Once our thoughts of a return migration from Rochester to Long Island became a reality, I began scrambling to send out resumes in hopes of landing an interview. I had a bunch of recruiters contact me, but they were all looking to fill short-term contract positions in New York City, and I was looking for a more long-term situation. My first interview was with an international petroleum mogul in East Meadow. It would have been a bit of a hike to commute by car (close to an hour and a half each way during rush hour times), and the HR personnel seemed a bit harried, but they were pleasant enough. The hiring folks with whom I met were older, mature, no-nonsense gentlemen, and although I had the experience and technical knowledge they were looking for, I was sure that my relatively young age would deter their interest (believe it or not… and I’m not exactly young!). So I wasn’t surprized when I didn’t hear anything from them immediately.I was surprized, however, a few weeks later when their HR folks called me with an offer, and this just a week before we were scheduled to make our move. As much as I was caught off-guard, I did have a few reservations about the company after visiting, and I had started to look heavily at other companies. In addition to this, and our getting ready for the big move, my grandmother had just taken ill. With all these factors at the forefront of my mind, I thanked the company for their offer and declined it, explaining the main reasons for my decision. A week later (the same day we began our move from Rochester), the hiring manager sent me an email (copying in all the other people who had been involved in my interviews) and said that they would be “willing to wait for three or four weeks time before [I] can join [their] Company.” One week from the time that email was sent, after we had moved and regained Internet access, I read that note, and I was flattered and kind of touched that they were so interested in me. Instantly, I replied to let him know that I was still interested and would like to discuss the position further.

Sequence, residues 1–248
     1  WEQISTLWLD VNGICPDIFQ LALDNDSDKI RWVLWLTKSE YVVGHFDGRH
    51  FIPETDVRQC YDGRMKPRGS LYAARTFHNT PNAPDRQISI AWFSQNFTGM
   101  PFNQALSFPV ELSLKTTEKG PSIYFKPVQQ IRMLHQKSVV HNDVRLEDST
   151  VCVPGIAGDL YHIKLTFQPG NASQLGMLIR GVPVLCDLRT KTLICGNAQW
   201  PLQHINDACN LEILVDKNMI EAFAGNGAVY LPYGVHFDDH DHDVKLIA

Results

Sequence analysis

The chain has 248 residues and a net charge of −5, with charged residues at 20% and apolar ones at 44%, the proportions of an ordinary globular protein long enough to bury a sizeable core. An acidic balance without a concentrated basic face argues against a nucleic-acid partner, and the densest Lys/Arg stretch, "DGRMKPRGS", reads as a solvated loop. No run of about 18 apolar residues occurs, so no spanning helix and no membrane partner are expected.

I did not receive a response. In fact, during the next week, I sent two more email responses to the hiring manager, and two additional emails to the HR representative, and I never got a reply to any of those. Finally, after another week, I sent a hand-signed letter via Priority Mail to the HR rep, asking whether they were still interested in me. Three days later, the rep left me a voice mail, explaining that the position was “no longer available,” which is interesting, given that as of today, two months since the initial email from the hiring manager, the position is still on their web site and has been reposted to Internet job boards like CareerBuilder.com . Interesting, is it not? They giveth, and they taketh away… I guess oil’s not the only slippery thing there.
 Sadly, the listings were recently removed, but they were there as of another month after I had written this, for a total of three months later.